The "buffer zone" through Syria's northern Idlib province, negotiated by Russia and Turkey to forestall an Assad regime offensive on the opposition-held portion of the province, officially takes effect this week. Rebels began withdrawing heavy weapons from the zone at the start of the month, but said that fighters are remaining. Fighters from designated "radical terrorist groups"—primarily Hayat Tahrir al-Sham (HTS)—are supposed to withdraw entirely from the zone. HTS initially said it would comply on a "de facto" basis, but the zone is being implemented despite the fact that a deadline has been missed for withdrawal of all its fighters. The zone, some 20 kilometers wide, stretches from Latakia to Aleppo, through Idlib and portions of Hama province. (See map.) (Qantara, Oct. 17; AFP, Oct. 10; BBC News, Oct. 8; EA Worldview, Oct. 7) But Bashar Assad insisted that the so-called "demilitarized zone" is temporary. Addressing the central committee of his Baath Party, Assad reiterated his pledge to retake "every inch" of Syrian territory: "This province and other Syrian territory remaining under the control of terrorists will return to the Syrian state." (EA Worldview, Oct. 8)
In Episode 19 of the CounterVortex podcast, Bill Weinberg discusses the urgent need for solidarity with Idlib, the last remaining stronghold of the Syrian Revolution, and looks at heroic examples of the civil resistance there, which is standing up to the Assad regime and jihadists alike—such as Rania Kisar, who has been running schools and other civil institutions; and Radio Fresh, which is continuing to broadcast in defiance of threats and censorship from the jihadists. The weekly Friday demonstrations in Idlib continue to keep alive the spirit of the 2011 Arab Revolution, demanding a democratic future for Syria. In a victory for the forces organizing in solidarity with Idlib around the world, the long-planned Assad regime invasion of the opposition-held province has been postponed (at least) in a deal negotiated by Russia and Turkey, buying time for the survival of the revolution. But those who stand in solidarity with Idlib in New York City have themselves been threatened and physically attacked by followers of sectarian pseudo-left factions that support the genocidal Assad regime. Listen on SoundCloud, and support our podcast via Patreon.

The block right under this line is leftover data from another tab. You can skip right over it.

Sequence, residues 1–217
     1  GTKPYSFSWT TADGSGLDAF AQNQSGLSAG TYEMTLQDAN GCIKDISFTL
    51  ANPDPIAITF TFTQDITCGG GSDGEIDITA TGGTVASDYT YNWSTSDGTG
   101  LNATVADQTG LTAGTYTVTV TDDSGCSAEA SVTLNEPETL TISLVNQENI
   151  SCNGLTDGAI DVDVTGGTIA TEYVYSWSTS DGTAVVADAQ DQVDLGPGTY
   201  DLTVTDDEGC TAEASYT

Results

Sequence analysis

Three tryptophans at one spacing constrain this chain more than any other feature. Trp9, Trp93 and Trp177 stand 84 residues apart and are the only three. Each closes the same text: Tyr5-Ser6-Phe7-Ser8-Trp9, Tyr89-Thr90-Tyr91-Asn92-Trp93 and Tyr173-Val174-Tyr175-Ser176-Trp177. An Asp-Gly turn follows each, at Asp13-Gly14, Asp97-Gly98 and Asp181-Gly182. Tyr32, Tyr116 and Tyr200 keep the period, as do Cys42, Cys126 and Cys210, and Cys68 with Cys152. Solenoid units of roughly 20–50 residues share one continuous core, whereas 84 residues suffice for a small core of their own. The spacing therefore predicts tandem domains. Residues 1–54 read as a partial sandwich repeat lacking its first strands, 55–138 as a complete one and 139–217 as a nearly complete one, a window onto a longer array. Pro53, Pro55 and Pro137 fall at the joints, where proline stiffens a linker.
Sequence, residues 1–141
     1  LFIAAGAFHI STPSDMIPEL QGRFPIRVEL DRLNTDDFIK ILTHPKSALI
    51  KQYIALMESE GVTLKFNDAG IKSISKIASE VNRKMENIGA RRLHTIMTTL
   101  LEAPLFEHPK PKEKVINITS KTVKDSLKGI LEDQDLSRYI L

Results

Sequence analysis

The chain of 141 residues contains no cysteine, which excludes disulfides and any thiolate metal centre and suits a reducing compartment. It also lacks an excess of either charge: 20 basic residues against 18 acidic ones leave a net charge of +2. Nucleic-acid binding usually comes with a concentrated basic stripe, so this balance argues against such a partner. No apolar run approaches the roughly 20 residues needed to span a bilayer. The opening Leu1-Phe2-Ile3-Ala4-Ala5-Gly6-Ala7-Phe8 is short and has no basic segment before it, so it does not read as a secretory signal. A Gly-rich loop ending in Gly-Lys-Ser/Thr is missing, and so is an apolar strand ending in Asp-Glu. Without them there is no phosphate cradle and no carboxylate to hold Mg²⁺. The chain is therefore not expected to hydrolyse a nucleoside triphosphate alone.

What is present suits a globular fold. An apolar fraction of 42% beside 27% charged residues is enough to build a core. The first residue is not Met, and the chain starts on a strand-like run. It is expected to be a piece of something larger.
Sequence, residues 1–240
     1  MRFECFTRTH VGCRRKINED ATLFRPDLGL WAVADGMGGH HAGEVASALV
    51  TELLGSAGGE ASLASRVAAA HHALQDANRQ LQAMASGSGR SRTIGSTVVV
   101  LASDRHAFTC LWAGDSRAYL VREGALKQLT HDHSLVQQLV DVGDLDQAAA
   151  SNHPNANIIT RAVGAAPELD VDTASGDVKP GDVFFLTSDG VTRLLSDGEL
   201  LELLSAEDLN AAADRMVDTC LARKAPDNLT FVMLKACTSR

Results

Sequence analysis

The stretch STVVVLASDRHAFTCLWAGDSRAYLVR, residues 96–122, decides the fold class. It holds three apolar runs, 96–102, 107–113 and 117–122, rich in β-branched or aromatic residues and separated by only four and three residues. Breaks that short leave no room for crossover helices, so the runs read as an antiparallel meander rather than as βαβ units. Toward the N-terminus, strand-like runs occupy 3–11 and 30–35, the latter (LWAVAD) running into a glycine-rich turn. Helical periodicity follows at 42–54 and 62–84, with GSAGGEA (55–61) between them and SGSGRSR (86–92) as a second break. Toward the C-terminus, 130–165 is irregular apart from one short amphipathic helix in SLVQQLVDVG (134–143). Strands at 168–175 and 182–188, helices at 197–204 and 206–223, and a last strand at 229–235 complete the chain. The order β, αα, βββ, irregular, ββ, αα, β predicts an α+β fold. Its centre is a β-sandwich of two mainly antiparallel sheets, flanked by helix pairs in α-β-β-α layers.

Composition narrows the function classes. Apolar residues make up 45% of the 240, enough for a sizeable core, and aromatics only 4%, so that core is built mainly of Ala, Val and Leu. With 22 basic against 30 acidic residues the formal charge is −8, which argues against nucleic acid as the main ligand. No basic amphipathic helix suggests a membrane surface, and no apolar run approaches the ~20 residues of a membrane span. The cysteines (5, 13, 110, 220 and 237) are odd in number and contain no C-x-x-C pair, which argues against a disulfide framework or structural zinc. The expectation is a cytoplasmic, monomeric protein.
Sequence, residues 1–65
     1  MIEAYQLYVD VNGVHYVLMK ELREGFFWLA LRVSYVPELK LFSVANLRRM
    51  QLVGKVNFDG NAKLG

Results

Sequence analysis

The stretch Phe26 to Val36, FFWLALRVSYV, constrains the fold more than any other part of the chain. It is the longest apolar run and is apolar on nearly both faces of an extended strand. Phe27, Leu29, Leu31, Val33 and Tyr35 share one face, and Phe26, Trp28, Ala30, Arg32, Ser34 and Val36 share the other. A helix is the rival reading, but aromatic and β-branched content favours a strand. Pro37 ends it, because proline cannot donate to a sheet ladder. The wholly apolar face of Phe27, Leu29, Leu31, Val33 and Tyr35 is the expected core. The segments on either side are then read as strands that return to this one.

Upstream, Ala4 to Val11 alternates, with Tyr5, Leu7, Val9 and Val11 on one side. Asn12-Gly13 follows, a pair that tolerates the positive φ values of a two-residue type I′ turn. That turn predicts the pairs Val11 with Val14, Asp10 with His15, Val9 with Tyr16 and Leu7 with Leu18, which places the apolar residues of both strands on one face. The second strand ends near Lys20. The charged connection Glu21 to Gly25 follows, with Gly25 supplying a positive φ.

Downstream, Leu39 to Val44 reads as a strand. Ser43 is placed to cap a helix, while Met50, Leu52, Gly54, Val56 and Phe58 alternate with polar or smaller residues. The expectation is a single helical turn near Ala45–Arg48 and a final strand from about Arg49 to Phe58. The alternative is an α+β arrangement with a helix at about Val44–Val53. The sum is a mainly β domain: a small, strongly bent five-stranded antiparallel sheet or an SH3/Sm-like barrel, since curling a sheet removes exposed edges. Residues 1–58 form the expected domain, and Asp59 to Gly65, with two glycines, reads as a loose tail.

The US government has reinforced counter-terrorism controls on aid operations in Syria. New contractual terms require US-funded organizations to get special permission to provide relief in areas controlled by extremist groups. The move further complicates aid operations for those trapped in Syria’s last rebel stronghold, Idlib, where two thirds of its three million people need assistance. The top UN official for the Syrian humanitarian crisis, Panos Moumtzis, told IRIN news agency that donors were, in general, backing away from funding all but the most critical needs in Idlib, fearing aid will fall into the hands of groups such as the al-Qaeda affiliate Hay'at Tahrir al-Sham (HTS).
The long-feared Assad regime offensive on Idlib province appears to have been called off—for now. After meeting in Sochi, Russian President Vladimir Putin and his Turkish counterpart Recep Tayyip Erdogan reportedly agreed to a "buffer zone" in Idlib—a strip some 25 kilometers wide to separate regime forces in the south from rebel and opposition forces in the north. Although it is being called a "demilitarized" zone, it will in fact be jointly patrolled by Russian and Turkish troops. There are numerous unanswered questions. Reports indicated the deal stipulates that "all heavy weapons be withdrawn from the zone"—but does that apply to the Russian and Turkish patrols? It is also mandated that what Putin called "radically-minded" rebel fighters would have to pull out of the zone entirely, which is presumably a reference to the Nusra-affiliated jihadist factions. These factions control parts of Idlib city, and it is not clear if the provincial capital will be included in the zone. (BBC News, Haaretz)